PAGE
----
When I wrote the previous post about returning personal data from UDFs, I suddenly realized that I never fully explained what volatility means in Excel Services UDFs.
Since I know your life would not be complete without this information, I decided to make a post about it.
On the client and on the server, UDFs come in two flavors – the volatile ones and the non-volatile ones. The best way of defining a volatile UDF is this:
If a function can return different results for the same exact set of parameters then it’s volatile.
As an example, lets take two Excel functions, RandBetween() and Sum(). For a given set of parameters Sum() will always return the same result, nothing external other than the parameters will affect the result. However, RandBetween() takes two parameters and even if the two parameters are the same, the result may change from one execution to the other.
Excel provides support for volatile user defined functions by allowing users to call the Volatile() method on the Application object. Excel Services takes a somewhat different approach and uses a declarative model to do this:
[UdfMethod(IsVolatile = true)]
public double MyMethod()
That’s all one needs to do to get the method to be volatile.
This brings me to how volatile functions behave. In Excel, a function that is marked as volatile gets calculated every time the workbook gets calculated for some reason. This includes pressing F9. When a file is saved and it has a cell that contains a call to a volatile function, that cell will be marked as dirty when saving which will make Excel recalculate it when it loads the file (as long as auto-recalc is on).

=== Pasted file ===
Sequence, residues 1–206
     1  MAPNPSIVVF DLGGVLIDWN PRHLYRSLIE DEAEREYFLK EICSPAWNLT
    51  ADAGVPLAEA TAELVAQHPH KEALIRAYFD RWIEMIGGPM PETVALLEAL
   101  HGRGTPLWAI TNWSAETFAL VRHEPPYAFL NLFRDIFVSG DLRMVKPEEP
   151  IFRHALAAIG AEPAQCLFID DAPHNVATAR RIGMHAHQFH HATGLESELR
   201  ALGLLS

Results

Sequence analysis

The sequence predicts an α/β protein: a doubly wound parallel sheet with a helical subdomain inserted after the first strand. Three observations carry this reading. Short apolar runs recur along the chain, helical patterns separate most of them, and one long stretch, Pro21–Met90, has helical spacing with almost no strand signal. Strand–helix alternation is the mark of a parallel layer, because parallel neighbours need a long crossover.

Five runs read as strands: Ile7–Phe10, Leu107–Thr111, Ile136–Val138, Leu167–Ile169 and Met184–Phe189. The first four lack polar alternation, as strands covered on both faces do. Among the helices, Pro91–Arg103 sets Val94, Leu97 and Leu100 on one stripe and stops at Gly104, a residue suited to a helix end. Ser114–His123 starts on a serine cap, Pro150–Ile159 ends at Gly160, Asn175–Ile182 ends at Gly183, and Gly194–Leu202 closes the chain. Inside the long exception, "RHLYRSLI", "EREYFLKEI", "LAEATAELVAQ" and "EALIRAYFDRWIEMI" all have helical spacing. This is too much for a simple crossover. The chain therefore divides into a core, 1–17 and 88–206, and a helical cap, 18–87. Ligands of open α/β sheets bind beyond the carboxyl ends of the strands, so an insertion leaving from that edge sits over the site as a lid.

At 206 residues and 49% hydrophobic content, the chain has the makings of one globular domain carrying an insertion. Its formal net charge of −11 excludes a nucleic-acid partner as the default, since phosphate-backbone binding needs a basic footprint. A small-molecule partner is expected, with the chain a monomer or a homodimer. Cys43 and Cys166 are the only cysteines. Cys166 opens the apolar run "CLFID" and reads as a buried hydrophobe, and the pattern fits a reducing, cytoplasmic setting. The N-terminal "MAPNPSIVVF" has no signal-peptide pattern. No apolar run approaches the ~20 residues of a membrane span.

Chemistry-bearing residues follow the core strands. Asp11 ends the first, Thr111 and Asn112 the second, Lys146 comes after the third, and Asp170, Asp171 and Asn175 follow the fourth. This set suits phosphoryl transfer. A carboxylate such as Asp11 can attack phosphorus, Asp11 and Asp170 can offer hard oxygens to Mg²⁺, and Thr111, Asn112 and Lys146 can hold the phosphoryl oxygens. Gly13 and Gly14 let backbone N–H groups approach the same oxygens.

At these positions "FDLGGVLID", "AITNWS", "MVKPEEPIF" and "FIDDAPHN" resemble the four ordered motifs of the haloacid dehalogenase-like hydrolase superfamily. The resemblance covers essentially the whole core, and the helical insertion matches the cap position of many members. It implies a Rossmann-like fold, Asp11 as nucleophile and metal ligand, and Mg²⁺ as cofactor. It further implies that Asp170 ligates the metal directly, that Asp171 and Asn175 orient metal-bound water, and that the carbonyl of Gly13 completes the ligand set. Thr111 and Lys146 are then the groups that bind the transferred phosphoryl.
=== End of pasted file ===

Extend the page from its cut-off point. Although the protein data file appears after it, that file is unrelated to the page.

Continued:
The server behaves almost exactly the same. There is one difference though. For better performance, the server will refrain from recalculating workbooks with volatile functions too often. By default, the first user to load a workbook with dirty cells will cause a recalc (again, only if auto-recalc is turned on). Subsequent users who can share the results of that user will get the old results. Once a prescribed amount of time has passed (5 minutes by default), the server will again recalculate the cells. What this means is that if a cell contains a call to NOW(), the first user to open it at, say, 12:34:56, will see that time in the cell. A user coming 20 seconds later will also see 12:34:56 in that cell. However, if a user comes in 6 minutes later, the result seen in the workbook will be 12:40:56. This setting (the 5 minutes) is controllable from the Trusted Location setting configuration form of Excel Services.